Emperors and members of prominent clans were at first buried in traditional-style kofun well into the 7th century, following the practices of the earlier Kofun period.
Along with Buddhism however, the practice of cremation was introduced. In time the custom of cremating bodily remains came to be adopted by all, from the Emperor, the nobility and downward to the commoners.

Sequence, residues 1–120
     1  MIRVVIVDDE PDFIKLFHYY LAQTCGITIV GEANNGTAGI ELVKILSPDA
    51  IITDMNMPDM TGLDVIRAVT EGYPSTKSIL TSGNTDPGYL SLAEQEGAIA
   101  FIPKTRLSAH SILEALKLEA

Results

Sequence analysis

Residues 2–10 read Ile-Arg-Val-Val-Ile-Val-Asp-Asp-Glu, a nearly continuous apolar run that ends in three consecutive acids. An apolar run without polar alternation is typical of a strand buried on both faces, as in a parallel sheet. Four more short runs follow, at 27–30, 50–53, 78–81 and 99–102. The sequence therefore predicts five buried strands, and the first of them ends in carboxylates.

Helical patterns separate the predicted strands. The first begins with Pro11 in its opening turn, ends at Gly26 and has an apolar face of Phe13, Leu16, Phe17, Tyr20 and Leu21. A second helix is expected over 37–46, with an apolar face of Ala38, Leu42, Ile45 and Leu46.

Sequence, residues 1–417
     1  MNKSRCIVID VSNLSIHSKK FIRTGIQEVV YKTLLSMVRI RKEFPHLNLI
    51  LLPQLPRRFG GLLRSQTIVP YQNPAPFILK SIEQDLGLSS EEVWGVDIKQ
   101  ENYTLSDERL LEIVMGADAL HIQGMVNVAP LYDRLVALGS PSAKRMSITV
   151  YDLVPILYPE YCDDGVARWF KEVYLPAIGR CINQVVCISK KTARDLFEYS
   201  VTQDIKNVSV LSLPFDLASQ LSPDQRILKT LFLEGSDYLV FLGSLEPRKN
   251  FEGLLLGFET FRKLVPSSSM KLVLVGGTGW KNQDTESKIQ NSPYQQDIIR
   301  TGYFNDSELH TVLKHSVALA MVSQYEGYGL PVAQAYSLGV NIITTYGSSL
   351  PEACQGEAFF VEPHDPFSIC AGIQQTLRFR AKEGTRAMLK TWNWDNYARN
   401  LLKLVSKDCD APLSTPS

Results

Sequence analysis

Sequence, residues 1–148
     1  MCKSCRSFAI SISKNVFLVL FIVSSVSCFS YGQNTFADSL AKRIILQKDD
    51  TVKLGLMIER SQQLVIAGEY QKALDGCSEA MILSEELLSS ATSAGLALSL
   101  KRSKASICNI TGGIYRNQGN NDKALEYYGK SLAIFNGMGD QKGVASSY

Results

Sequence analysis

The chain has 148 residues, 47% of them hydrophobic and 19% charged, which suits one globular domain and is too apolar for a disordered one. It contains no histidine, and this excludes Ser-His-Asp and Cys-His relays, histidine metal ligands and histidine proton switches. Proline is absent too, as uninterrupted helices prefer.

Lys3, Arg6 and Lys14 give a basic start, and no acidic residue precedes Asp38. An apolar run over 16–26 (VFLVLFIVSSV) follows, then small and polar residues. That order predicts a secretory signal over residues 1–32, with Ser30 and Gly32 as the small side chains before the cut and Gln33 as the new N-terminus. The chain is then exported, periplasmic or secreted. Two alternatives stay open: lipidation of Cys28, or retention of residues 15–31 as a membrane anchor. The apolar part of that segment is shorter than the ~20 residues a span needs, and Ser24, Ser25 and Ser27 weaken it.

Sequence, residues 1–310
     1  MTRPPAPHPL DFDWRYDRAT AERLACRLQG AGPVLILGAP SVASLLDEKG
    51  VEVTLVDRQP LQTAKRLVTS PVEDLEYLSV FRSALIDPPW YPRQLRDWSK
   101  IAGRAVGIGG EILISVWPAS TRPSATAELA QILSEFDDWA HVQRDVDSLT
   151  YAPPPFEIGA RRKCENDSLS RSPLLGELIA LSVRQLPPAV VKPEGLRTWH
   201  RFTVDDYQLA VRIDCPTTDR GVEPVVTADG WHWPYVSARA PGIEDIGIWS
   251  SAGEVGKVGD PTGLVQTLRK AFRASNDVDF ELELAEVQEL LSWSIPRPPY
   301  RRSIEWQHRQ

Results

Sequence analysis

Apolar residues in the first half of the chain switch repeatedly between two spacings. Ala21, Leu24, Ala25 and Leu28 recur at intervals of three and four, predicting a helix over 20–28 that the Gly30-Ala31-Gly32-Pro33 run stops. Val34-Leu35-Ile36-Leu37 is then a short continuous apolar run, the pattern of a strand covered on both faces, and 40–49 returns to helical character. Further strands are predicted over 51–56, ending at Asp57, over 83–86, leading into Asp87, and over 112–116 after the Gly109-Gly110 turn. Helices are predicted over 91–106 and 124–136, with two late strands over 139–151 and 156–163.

It is likely that as resources were diverted from the building of large tomb mounds (kofun) to temple building, cremation made more sense as resources could be conserved. The earliest written record of cremation in Japan refers to the priest Dosho (d. 700. or the 4th year of the reign of Emperor Monmu). Certain kofun exhibit a transitional character. For example, the Nakaoyama Kofun (Asuka-mura, Hirata) , which was designed with an octagonal mound and a minutely worked stone crypt for the deposition of cremated bones.